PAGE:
VICE Festival Guide Launch @ Oxford Art Factory (17/11/07)

With two rooms, four bands and more DJs than you could poke a stick at, there was no lack of things to see and do at VICE Magazine’s Festival Guide Launch, complete with a preview of the Black Lips’ new album “Good Bad Not Evil”

Though you might at first expect not much more than posing hipsters at a launch put on by the popular fashion magazine, Saturday night proved to be more ‘party’ than ‘pretentious’ . Live band sets were buffered by an array of talented DJs including Gameboy/Gamegirl’s Tranterco, Peace Out, the ladies from HOOPS, Health Club DJs, Kato, Non Ferous, Vivienne Kingswood and the Pet Cemetery DJs, all of whom kept punters up and moving with a range of tunes throughout the night.

The keyboard-pop stylings of Art Rush warmed up the early crowd at Oxford Art Factory, with guests treated to two rooms of music as well as the ever popular (and not to mention stylish) longnecks that were available at the bar.

By the time Melbourne duo Outrun took to the stage for a dose of electro-tastic tunes, the boys and girls were ready to dance. And dance they did, helped along with the example set by the guys on stage as well as the welcome surprise of a keytar introduced during the set.

Up next were local indie darlings Cassette Kids. These guys are yet to release an EP, but judging by the energetic, lyric singing reaction of the crowd during their set, they already have plenty of fans. The band manage to get almost every spectator caught up in their own frenzy with frantic vocals, solid beats and stage-writhing charisma.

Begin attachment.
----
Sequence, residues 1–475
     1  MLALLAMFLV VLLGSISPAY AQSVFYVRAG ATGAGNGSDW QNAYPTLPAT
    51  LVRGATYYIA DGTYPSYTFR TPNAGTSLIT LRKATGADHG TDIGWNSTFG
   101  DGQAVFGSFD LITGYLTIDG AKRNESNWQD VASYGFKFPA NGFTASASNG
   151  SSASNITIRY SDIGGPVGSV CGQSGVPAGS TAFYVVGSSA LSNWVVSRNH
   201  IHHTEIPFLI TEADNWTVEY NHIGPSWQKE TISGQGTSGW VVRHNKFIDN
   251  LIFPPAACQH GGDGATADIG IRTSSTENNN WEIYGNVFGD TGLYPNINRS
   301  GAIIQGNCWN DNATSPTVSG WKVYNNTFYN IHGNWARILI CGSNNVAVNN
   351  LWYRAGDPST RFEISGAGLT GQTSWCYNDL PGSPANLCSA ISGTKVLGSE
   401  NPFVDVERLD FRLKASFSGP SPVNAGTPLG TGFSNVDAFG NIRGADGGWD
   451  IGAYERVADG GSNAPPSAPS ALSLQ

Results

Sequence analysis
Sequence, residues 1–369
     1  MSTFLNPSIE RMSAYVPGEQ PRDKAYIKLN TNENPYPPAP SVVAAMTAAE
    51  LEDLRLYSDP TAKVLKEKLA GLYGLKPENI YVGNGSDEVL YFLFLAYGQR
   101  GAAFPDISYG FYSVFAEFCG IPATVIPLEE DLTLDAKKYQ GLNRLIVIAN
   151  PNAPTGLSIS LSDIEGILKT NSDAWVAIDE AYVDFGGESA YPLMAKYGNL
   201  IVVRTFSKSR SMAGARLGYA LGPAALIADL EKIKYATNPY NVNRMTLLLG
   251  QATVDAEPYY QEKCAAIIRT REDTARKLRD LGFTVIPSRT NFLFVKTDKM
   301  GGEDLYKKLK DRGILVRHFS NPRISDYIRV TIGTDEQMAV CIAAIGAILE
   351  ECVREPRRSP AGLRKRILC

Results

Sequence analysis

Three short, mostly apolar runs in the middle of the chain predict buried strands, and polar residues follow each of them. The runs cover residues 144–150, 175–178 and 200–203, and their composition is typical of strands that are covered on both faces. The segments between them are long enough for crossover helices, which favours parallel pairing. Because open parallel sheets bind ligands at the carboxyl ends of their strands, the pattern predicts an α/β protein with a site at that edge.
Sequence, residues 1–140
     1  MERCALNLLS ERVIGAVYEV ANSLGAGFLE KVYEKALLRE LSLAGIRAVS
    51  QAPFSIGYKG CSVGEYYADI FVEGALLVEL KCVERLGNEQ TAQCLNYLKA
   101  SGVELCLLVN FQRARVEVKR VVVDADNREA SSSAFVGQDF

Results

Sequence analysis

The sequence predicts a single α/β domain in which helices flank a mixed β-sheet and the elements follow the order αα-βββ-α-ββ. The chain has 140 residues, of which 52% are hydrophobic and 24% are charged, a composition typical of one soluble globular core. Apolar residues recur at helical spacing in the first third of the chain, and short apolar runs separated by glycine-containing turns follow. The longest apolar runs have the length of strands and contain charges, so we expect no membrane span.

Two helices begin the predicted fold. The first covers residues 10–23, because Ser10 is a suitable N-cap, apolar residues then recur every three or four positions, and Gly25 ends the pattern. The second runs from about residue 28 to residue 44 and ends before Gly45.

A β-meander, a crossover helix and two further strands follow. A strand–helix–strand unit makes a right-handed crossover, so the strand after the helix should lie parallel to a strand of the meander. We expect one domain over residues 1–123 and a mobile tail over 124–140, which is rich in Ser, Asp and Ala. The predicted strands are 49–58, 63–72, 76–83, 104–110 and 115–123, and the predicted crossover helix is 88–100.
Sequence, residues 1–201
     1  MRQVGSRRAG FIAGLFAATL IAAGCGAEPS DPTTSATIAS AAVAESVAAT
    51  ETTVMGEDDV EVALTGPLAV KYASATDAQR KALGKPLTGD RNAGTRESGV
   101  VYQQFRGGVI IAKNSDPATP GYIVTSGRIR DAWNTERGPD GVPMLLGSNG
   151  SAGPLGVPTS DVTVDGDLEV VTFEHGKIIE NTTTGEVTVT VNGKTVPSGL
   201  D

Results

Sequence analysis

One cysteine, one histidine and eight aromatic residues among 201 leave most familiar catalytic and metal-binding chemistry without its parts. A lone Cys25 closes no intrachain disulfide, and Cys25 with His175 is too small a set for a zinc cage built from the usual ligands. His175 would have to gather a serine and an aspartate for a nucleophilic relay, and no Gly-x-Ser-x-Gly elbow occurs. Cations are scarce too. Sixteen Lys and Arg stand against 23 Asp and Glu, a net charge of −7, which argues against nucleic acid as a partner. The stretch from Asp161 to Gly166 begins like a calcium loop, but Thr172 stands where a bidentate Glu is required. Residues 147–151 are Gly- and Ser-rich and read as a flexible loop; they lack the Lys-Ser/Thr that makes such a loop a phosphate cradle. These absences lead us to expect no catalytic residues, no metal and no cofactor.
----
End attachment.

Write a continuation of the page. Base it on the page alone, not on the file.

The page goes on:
The size of the front-of-stage convergence reached the night’s peak as the energetic group brought a much welcomed sense of rock and roll to the night, complete with knocked-over stands and a microphone throw to the ground before their (exhausted looking) exit.

Headlining the night was Melbourne’s Mission Control, who played to a somewhat smaller audience than their predecessors, perhaps due to the venue restricting crowd movement and re-entry before their set had begun. This didn’t seem to dampen their spirits, however, as they powered through a strong, if not quite completely engaging set.

The boys sounded like an indie-electronica science fiction soundtrack, serving up another decent dose of keyboards to the evenings fare. Their songs were tight, and the band seemed capable of pleasing the masses, however their songs seemed to be falling on the ears of a somewhat half-hearted and depleted crowd.

Perhaps it was just the fact that the habit-hindered half of the partygoers hadn’t been allowed back in after their last smoke break?